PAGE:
Who is your customer?
I've held several jobs in my lifetime, many of them in a Customer Service field. I've worked for a fast food restaurant, a bank, and in various areas of the insurance industry. Regardless of the company I worked for, one basic theme remained: you are here for the customer.
I transitioned to an IT position 3 years ago and thought that I could take my Customer Service hat off, but I soon realized that the departments we serviced now became our customer base. Learning how to serve people is a lesson that I think we all learn and relearn throughout our life.
How You'll Be Remembered
In a recent mentoring meeting with my manager, we talked about leadership and building the right skill set. One of the areas he mentioned was customer service. Working well with others is more than just working with a team to provide quality work on time. How you work alongside your peers, your management, and other areas within your company is a part of customer service. My manager said the biggest lesson he learned is that people will forget what you say in a presentation or what you do during a project, but they will always remember how you made them feel.
Customer Service Voice
If you've ever worked in a customer service industry, especially in a call center, you have most likely developed a "Customer Service Voice." It's like putting your best foot forward, vocally speaking. You sound more patient, kind, understanding, enthusiastic, and sympathetic than you normally would in real life. I've been told many times that I have a "nice tone" to my voice when speaking on the phone, whether that be to a customer or leading a conference call with coworkers. This did not come naturally - it was learned over time.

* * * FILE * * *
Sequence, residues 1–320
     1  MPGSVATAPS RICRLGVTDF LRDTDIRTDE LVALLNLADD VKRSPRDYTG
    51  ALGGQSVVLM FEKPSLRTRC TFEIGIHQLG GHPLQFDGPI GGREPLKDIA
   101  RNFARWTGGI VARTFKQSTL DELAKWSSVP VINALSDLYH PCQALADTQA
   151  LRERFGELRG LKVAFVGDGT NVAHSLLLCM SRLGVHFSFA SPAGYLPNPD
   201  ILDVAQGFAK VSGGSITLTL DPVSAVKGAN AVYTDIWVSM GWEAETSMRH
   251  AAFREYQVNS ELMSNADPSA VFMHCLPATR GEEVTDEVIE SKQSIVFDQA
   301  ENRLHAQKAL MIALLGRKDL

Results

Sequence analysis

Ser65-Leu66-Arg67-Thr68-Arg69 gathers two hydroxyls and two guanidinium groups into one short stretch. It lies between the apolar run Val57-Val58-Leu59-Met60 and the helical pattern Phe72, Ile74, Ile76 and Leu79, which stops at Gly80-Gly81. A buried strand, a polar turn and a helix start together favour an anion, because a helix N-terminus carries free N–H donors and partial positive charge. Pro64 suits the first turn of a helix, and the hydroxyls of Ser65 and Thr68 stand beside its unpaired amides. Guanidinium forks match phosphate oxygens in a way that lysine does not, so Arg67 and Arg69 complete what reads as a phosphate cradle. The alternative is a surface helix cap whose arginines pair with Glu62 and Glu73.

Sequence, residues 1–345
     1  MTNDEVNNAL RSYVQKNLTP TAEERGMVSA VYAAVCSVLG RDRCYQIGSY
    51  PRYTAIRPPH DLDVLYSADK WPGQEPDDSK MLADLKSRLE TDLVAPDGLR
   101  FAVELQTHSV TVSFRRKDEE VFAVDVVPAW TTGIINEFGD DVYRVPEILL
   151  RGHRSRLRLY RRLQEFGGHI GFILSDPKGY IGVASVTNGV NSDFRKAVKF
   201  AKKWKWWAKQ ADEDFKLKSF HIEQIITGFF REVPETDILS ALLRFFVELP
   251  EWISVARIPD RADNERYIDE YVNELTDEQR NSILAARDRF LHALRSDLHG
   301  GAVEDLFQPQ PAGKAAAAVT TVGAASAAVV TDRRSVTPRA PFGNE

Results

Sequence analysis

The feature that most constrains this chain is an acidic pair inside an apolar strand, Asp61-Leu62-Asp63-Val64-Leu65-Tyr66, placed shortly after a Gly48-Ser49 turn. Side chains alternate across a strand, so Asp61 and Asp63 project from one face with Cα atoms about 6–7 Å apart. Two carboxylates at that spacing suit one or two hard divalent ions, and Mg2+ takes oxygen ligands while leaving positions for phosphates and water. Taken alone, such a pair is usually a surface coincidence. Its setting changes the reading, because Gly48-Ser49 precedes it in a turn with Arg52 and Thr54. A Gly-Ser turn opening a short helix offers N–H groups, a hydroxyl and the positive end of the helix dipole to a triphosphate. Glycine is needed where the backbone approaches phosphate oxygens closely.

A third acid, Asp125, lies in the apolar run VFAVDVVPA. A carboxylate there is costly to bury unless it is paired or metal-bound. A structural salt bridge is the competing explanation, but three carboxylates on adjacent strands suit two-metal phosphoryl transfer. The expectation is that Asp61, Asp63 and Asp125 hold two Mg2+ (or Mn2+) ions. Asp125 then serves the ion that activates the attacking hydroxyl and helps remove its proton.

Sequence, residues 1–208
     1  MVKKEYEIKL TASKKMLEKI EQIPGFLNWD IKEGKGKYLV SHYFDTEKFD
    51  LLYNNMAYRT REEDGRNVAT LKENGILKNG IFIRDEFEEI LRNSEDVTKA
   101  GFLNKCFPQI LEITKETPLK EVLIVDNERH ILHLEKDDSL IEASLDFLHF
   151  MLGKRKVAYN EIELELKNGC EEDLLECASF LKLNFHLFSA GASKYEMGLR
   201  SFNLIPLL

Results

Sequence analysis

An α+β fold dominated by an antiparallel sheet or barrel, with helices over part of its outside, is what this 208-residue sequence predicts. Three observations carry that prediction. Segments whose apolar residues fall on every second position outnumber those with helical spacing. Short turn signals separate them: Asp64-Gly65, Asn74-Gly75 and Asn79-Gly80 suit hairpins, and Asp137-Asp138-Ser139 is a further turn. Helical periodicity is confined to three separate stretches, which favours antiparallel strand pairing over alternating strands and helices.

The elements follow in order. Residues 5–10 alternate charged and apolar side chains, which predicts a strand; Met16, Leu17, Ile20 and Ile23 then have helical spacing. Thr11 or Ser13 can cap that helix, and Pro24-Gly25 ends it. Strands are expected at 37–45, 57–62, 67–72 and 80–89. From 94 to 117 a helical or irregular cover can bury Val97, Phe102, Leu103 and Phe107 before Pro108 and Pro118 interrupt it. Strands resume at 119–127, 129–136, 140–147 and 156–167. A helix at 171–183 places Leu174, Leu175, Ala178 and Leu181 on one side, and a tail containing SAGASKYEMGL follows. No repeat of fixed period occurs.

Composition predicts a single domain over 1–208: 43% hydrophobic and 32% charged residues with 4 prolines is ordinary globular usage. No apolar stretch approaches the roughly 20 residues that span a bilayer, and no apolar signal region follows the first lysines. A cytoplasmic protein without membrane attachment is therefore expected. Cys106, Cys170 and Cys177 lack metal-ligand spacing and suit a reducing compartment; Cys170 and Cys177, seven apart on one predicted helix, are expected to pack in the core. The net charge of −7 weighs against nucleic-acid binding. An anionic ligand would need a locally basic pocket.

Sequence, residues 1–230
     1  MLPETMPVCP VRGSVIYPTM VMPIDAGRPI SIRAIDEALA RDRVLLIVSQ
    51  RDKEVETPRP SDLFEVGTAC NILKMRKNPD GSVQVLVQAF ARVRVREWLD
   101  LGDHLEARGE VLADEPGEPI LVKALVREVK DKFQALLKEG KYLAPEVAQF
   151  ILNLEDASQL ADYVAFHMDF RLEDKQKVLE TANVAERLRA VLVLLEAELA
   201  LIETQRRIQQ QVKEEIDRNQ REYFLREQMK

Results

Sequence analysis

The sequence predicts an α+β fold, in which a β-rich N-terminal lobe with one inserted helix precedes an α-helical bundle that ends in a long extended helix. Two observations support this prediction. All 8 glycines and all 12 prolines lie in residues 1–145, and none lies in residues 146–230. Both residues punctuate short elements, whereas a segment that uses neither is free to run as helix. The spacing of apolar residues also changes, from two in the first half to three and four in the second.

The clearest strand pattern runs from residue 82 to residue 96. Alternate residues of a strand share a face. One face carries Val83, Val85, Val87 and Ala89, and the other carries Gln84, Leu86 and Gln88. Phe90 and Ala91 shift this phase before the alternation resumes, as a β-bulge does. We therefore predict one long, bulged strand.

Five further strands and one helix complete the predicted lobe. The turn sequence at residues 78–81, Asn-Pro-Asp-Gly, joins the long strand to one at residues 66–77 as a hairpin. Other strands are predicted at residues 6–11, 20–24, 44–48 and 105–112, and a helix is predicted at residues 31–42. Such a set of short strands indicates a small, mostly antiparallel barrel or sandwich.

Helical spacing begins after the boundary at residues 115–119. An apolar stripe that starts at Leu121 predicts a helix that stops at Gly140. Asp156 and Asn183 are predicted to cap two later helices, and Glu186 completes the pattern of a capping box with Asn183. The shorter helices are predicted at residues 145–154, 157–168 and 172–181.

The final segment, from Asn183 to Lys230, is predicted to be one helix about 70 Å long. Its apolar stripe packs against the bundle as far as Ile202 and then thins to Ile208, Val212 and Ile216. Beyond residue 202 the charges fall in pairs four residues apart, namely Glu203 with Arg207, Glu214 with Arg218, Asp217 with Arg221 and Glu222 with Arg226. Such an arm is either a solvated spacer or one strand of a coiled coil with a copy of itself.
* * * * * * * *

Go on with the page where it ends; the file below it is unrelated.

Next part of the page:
My "Customer Service Voice" is something I have always left at work at the end of the day. It's a side of me that I didn't bring home. Listening to my manager talk about how people will remember how we made them feel made me realize that I was missing a huge opportunity. I realized that my biggest and greatest customer, my family, was not receiving good service.
Service Starts At Home
Maybe you can relate to the following: you come home from a long day, you're tired, maybe a bit stressed, and just want some quiet. The people you love more than anything in the world, and who love you equally as much, want to hear about your day and tell you about theirs. But you are short with them and hope they will understand. They are your "safe zone" where you can let your guard down, after all. If you can't be stressed, tired, upset, etc. around them, then who?
If you're a parent, maybe you can relate to this one: your child comes home from school and it seems like they saved all their energy for you. They are running, jumping, screaming, and making a mess. They might even be disobedient and disrespectful. You open their backpack to find notes from their teachers that they are doing well in school and they are always a pleasure in the classroom. It seems like they save their best behavior for when they are outside of the house but their worst for you. But, you are their "safe zone" where they can let their guard down, after all. If they can't be a bit wild, tired, upset, etc around you, then who?
I compare these two situations because I have found them to be true in my own life. I often come home and forget all of the great customer service lessons I use at work. I don't want to put on a fake "Customer Service" voice for my family, but I could readjust my tone more. I could anticipate their needs more and realize that they too may have had a difficult day. I could appreciate that my daughter sees home as her safe space to be free and a bit wild and that even though I don't always feel she has learned the lessons we are trying to teach her because I don't see them at home, she obviously has because she knows how to behave in public.
Most importantly, I could focus on making my family feel the same respect and appreciation I provide my customers and coworkers with during the day. I could bring some of the skills I've learned at work home, wrap them in love, and present them to my family. I know many years from now my husband may not remember the gift I gave him for his 30th birthday, but I hope he will remember how much I love, admire, and support him. My daughter may not remember the times I let her do my makeup, but I hope she'll remember how much I love and encourage her.
What about you? Who is your customer and how can you better serve them? It doesn't have to be your family, it could be a friend or a neighbor. Leave a comment below and share one way you'll better serve them this week.
An ongoing discussion about growing up, passing on, and the ties that bind us together. Following Jesus is a family affair — no matter who you call your family.